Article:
The early struggles of the working class are placed under a microscope in Plutocracy III: Class War, the latest chapter in an exceptionally well produced series which explores the origins of America’s growing economic divide.
Without a doubt, the clashes between worker rights and corporate interests are prominent in today’s political and economic landscape, but they’re not a modern phenomenon by any means. These imbalances, and the wealth inequalities that have resulted in their wake, have existed for generations. The filmmakers provide a searing portrait of the brave workers who fought for true democracy in the early decades of the 20th century.
The film begins with the titan of the labor movement during that period – Mary Harris “Mother” Jones. A galvanizing presence who spent her life inspiring a working class revolution, Jones rallied a coalition of miners from Ludlow, Colorado in 1914. These miners worked under heinous conditions and for little pay in a coal operation owned by John D. Rockefeller, Jr. Their determination knew no bounds; when the company cast the striking miners and their families out of their homes, they defiantly set up a colony of tents and continued their fight for fairness.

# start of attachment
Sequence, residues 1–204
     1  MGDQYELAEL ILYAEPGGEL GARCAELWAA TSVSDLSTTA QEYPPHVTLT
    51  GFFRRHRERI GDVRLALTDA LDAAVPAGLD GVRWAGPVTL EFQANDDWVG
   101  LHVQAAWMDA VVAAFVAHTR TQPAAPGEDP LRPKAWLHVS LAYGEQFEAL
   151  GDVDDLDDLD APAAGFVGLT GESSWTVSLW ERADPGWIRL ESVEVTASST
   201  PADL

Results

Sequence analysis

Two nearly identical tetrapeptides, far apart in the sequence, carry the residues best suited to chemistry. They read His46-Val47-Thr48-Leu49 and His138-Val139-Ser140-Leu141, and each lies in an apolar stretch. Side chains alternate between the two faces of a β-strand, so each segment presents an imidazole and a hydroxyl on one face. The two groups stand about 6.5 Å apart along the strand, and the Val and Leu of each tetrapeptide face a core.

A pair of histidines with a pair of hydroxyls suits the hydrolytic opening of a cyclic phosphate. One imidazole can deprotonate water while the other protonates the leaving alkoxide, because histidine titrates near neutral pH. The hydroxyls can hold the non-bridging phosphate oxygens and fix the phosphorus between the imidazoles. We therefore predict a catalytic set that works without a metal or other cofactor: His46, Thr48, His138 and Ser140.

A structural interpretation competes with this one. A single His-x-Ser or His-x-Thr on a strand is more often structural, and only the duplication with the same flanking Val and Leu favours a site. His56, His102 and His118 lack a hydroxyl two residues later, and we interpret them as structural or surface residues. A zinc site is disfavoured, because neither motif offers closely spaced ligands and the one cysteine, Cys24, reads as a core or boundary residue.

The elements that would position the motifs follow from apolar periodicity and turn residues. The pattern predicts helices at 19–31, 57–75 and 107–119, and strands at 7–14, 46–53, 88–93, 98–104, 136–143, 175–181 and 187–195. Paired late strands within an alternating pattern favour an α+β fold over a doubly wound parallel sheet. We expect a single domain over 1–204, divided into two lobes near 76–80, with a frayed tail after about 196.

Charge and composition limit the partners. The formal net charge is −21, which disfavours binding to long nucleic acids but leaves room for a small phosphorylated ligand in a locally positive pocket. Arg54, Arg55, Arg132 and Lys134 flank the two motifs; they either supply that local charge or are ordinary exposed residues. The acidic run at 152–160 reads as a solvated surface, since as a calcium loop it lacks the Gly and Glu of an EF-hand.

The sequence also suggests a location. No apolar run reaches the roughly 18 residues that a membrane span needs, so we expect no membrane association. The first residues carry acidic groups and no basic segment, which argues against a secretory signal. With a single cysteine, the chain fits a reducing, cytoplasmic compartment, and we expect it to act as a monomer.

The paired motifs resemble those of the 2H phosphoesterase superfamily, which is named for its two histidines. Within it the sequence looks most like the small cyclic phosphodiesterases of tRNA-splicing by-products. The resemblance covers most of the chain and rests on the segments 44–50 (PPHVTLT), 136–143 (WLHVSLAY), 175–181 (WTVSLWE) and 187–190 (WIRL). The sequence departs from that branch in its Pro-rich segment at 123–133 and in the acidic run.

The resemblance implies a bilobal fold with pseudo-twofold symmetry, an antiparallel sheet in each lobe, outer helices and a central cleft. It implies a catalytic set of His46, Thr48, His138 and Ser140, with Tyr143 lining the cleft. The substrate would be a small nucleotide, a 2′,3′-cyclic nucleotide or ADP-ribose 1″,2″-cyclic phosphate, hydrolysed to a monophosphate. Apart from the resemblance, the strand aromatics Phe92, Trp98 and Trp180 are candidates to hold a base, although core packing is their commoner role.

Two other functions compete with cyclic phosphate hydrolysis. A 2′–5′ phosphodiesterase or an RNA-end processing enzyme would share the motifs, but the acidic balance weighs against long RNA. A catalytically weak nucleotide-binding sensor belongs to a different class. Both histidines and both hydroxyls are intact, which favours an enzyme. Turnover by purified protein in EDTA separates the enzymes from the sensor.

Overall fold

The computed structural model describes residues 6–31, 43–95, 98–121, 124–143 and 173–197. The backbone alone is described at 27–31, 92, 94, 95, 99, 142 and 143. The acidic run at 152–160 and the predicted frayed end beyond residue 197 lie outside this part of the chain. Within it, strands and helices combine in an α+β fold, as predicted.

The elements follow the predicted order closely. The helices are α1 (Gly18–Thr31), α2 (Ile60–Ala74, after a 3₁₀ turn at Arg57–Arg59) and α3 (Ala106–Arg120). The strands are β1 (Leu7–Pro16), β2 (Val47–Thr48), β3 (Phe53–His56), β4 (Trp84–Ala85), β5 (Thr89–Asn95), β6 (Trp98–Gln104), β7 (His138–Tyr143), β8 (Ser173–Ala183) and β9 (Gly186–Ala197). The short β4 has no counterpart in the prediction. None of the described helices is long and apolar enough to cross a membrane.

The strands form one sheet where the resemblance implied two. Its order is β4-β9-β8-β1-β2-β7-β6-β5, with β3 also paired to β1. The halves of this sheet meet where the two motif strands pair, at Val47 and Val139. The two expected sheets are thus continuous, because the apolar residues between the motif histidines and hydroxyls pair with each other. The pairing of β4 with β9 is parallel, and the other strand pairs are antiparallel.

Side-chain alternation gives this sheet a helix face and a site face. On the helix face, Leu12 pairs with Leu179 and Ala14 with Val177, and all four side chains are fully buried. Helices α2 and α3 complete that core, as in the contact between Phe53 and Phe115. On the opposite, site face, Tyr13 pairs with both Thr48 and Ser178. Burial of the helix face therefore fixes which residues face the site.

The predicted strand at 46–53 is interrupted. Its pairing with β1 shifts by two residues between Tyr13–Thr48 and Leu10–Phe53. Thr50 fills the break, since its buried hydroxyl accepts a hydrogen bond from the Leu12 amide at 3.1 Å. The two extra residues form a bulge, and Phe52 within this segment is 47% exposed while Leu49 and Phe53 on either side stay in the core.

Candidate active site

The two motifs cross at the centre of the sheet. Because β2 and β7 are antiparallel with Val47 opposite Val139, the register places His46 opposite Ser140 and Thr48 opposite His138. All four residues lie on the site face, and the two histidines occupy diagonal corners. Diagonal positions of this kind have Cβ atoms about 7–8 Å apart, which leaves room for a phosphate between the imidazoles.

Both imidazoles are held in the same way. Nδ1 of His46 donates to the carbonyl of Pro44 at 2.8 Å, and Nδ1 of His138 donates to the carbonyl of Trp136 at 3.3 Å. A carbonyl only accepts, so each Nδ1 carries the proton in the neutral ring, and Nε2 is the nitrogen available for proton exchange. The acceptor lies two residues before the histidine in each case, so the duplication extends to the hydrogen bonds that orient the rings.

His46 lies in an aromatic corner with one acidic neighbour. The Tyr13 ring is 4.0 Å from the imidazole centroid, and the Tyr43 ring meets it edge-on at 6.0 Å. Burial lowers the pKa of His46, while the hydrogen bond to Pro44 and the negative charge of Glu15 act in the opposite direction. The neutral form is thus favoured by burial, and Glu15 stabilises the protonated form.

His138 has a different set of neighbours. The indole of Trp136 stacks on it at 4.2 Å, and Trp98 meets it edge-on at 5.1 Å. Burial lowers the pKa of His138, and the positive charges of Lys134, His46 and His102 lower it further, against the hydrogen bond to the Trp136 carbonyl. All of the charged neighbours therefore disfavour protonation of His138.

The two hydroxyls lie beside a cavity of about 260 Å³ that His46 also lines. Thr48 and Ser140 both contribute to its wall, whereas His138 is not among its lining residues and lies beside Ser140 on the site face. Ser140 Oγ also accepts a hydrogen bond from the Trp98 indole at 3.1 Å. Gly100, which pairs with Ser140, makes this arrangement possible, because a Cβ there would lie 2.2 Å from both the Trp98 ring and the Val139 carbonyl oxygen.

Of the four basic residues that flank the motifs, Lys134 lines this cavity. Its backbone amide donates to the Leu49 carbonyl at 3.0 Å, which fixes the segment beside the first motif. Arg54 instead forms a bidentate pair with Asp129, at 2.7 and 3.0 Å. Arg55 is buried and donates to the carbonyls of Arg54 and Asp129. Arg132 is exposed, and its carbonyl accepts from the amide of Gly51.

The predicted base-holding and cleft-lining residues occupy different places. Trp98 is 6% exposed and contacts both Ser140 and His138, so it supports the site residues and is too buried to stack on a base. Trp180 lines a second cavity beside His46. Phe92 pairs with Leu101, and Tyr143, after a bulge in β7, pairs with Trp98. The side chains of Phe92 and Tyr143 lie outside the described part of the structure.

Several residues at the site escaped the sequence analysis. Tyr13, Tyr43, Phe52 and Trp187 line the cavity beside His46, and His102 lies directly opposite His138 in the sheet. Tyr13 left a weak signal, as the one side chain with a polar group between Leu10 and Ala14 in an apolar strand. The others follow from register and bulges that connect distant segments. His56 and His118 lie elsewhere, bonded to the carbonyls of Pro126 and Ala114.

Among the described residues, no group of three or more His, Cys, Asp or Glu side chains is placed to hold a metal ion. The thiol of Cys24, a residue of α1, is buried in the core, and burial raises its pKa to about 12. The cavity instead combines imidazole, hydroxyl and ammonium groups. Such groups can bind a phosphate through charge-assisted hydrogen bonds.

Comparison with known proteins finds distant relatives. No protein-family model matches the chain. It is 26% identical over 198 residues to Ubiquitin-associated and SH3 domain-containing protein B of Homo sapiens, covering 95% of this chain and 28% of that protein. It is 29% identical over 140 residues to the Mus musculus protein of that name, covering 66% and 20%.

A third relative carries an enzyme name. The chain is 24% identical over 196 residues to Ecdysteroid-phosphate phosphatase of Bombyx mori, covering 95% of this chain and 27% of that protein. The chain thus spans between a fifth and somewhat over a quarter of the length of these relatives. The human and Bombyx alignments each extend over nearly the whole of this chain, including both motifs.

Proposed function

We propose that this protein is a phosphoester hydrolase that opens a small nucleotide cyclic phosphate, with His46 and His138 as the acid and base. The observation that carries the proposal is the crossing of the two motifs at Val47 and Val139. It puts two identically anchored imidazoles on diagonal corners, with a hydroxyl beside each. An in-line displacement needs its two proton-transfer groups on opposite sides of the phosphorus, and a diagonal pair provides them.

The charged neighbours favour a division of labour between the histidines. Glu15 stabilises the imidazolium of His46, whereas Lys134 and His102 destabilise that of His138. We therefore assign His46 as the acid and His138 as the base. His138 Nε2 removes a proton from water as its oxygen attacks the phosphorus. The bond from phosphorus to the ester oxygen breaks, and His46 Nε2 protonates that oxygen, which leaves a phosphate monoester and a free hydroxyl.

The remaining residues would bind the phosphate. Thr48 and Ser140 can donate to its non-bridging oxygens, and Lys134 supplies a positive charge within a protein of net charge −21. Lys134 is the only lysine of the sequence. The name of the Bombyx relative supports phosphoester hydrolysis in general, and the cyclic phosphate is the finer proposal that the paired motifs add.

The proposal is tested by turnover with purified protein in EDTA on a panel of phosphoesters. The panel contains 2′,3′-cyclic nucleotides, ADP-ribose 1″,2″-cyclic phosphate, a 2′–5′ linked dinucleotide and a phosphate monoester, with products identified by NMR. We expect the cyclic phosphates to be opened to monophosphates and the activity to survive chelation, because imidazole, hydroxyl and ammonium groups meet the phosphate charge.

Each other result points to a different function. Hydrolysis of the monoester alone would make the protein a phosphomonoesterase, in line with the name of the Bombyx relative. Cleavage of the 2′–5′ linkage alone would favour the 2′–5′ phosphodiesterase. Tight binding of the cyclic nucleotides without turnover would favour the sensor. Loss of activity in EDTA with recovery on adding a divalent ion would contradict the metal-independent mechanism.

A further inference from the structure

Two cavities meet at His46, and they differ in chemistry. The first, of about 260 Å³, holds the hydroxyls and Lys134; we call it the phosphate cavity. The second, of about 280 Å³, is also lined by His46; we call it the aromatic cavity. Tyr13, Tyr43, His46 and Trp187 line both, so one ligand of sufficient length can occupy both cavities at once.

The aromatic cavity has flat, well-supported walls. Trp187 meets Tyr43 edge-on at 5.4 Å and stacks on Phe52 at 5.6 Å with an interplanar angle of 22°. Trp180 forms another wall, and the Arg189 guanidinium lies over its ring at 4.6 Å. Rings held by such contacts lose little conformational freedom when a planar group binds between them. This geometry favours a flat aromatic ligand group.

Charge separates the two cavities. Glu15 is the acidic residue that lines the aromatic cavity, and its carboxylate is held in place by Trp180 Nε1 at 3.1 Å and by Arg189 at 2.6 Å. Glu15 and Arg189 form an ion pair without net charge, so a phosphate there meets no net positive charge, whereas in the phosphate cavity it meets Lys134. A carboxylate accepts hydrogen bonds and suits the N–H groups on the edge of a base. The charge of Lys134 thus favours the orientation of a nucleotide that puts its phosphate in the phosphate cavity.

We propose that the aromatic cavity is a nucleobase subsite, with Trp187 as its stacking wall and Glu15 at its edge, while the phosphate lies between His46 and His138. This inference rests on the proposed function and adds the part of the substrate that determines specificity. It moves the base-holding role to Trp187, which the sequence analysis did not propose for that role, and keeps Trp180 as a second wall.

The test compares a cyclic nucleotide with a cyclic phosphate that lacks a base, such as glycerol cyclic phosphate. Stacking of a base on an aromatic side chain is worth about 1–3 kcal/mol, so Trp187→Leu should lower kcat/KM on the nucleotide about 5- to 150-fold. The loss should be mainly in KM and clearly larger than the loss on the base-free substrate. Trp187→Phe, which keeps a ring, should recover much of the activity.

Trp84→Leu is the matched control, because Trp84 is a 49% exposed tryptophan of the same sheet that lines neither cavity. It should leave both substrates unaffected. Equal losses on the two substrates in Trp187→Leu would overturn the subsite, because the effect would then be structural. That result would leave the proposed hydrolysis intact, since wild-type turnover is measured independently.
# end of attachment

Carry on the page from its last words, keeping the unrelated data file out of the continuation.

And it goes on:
Their stand-off ended in tragedy. The National Guard was deployed and unleashed gun fire into the colony, senselessly massacring men, women and children. This appalling event sparked outrage and public protest across the United States.
The bulk of the film examines the impact of World War I on the labor movement, a conflict that saw the slaughter and disfigurement of a generation. The war provided further evidence of the class divide, and would propel labor advocacy efforts among all genders and races.
All of this culminated in the rise of the Socialist Party and the radical International Workers of the World organization, as well as the events of 1919, a year that saw 22.5% of the work force in strike mode.
Plutocracy III: Class War offers invaluable historical insights from a panel of historians and labor advocates. Their deeply human narrative is assisted by a briskly edited barrage of stock footage, archive materials, and other provocative imagery.
Directed by: Scott Noble